JOHN DUDER, Employee, v. MCGLYNN BAKERIES, INC., and GENERAL INS. CO./ SAFECO, Employer-Insurer/Appellants.
WORKERS= COMPENSATION COURT OF APPEALS
JUNE 11, 2003
PERMANENT PARTIAL DISABILITY - CERVICAL SPINE. Although the compensation judge failed to address the issue remanded to the court and argued by the parties, that is, the employee=s permanent partial disability benefits for the cervical spine as a whole, the employee conceded or stipulated that he was entitled to either 14 percent for his cervical stenosis or 19 percent for compression fractures at two levels, but not both, and the judge=s award of 19 percent permanent partial disability to the body as a whole is affirmed, as modified, based on the facts peculiar to this case.
Affirmed as modified.
Determined by Johnson, C.J., Wilson, J. and Pederson, J.
Compensation Judge: Danny P. Kelly
THOMAS L. JOHNSON, Judge
The employer and insurer appeal from the compensation judge=s Findings and Order awarding nineteen percent permanent partial disability benefits to the employee for cervical compression fractures at C5 and C6. We affirm as modified.
John Duder, the employee, sustained an admitted personal injury on August 5, 1991, when struck on the top of his head by a section of an overhead door while working for the employer, McGlynn Bakeries, Inc. The employee sustained a scalp laceration, and a subsequent CT scan showed marked degenerative disc disease at C5-6 and C6-7. The employer and insurer commenced payment of wage loss benefits and medical expenses and provided rehabilitation assistance.
On July 21, 1993, the employee=s job with the employer was terminated. The employee commenced a job search and continued to look for work, without success, until February 1994. The employee then applied for and received Social Security Disability benefits effective December 1994.
In July 1998, the employee filed a claim petition contending he sustained neck and low back injuries on August 5, 1991, with a consequential psychological condition. The employee sought permanent total disability benefits from July 22, 1993, payment of medical expenses for treatment of his psychological condition, and permanent partial disability benefits for the lumbar spine, the psychological injury, and the cervical spine. The employer and insurer admitted the employee sustained neck and back injuries, but denied any psychological injury and denied liability for further benefits.
Dr. Van Dyne examined the employee at the request of the employer and insurer on July 6, 2000, and his deposition was taken on October 2, 2000. The doctor reviewed the employee=s cervical x-rays taken on August 21, 1991 and July 1, 1996, and concluded they showed no evidence of compression fractures at C5-6 or C6-7. Dr. Van Dyne rated a 10.5 percent permanent partial disability due to multi-level cervical degenerative disc disease.
Dr. Robert Wengler examined the employee on November 4, 1999 and again on September 5, 2000, at the request of the employee=s attorney. The doctor=s deposition was taken on September 26, 2000. Dr. Wengler diagnosed pre-existing advanced degenerative disc disease at multiple levels with compression fractures at C5 and C6. The doctor testified the x-ray studies documented a 21 percent loss of the anterior height of C5 and a 42 percent loss of the height of C6. Accordingly, Dr. Wengler rated a fourteen percent permanent disability for the C5 fracture and nineteen percent for the C6 fracture. In addition, the doctor testified the July 1997 cervical MRI scan showed lateral spinal stenosis at C5-6 on the left and stenosis at C6-7 on the right, qualifying the employee for a 28 percent whole body disability for cervical stenosis at two levels. By letter dated January 31, 2000, Dr. Wengler stated the cervical stenosis was Aconsequential to and inseparable from@ the compression fractures, and that one or the other must be considered a Alesser category.@ (Pet. Ex. E, Dep. Ex. 1.) In his deposition, however, Dr. Wengler stated the ratings for the stenosis and the fractures should be added together (that is, 28 percent plus 33 percent), acknowledging that doing so would result in a rating that Ais probably inappropriately high.@ (T. 20-22, 29.)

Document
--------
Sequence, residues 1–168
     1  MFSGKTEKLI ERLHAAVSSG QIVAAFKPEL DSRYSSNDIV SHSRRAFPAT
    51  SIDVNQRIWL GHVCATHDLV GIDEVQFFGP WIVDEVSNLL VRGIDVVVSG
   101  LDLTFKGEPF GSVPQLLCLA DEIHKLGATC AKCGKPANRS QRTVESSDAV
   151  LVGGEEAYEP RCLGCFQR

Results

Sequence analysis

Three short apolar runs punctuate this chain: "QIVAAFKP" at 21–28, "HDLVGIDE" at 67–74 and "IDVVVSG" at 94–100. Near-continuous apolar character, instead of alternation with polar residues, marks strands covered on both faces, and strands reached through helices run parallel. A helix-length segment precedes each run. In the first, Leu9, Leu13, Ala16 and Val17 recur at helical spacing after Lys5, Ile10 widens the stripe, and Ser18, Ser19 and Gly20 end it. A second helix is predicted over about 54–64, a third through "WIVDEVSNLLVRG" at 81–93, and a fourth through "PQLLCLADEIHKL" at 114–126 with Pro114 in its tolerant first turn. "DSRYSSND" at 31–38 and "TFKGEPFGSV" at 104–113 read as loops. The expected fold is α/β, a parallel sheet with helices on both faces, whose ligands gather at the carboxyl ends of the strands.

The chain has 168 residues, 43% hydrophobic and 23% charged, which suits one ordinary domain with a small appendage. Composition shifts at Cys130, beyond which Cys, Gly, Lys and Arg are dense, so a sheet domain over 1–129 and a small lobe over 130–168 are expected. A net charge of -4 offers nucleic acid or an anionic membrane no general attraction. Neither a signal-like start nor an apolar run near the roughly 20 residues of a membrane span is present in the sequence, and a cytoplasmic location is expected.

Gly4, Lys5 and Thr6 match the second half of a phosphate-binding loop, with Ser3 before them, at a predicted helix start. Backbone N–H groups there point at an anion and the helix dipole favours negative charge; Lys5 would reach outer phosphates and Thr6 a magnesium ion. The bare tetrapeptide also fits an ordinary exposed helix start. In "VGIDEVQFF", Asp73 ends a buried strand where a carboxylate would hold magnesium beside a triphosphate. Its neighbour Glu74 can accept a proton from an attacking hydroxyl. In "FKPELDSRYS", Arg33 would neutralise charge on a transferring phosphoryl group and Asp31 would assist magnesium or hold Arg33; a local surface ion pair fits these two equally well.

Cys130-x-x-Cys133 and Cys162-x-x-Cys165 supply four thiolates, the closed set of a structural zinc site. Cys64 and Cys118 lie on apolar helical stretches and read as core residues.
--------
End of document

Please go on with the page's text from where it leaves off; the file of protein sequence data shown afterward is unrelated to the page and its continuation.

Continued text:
The case was tried by a compensation judge at the Office of Administrative Hearings. In a Findings and Order filed March 23, 2001, the judge found, among other things, that (1) the employee had advanced degenerative disc disease at C5-6 and C6-7, lateral spinal stenosis at C5-6 left and C6-7 right, and anterior compression fractures of C5 and C6; (2) the August 5, 1991 injury was a substantial contributing factor to the employee=s cervical conditions; and (3) the employee was entitled to 28 percent permanent partial disability for cervical spinal stenosis at two levels. (F&O, Mar. 23, 2001, findings 6, 7.)
Both parties appealed. In a decision served and filed October 17, 2001, this court affirmed the finding of lateral spinal stenosis at C5-6 and C6-7. The court further held, however, that Minn. R. 5223.0070, subp. 2.C.(1), provides a single 14 percent rating for cervical spinal stenosis whether the spinal stenosis is at a single or multiple levels. The court, accordingly, reversed the compensation judge=s award of 28 percent permanent partial disability benefits for cervical stenosis at two levels. Duder v. McGlynn Bakeries, Inc., 62 W.C.D.109, 123 (W.C.C.A. 2001). Additionally, the court noted that, although the compensation judge found the employee sustained anterior compression fractures at C5 and C6 as a result of the August 5, 1991 injury, and the employee claimed permanent partial disability benefits secondary to the fractures, no permanency finding had been made. We, therefore, remanded the case to the compensation judge Ato reconsider the employee=s claim for permanent partial disability benefits to the cervical spine.@ Id. at 124.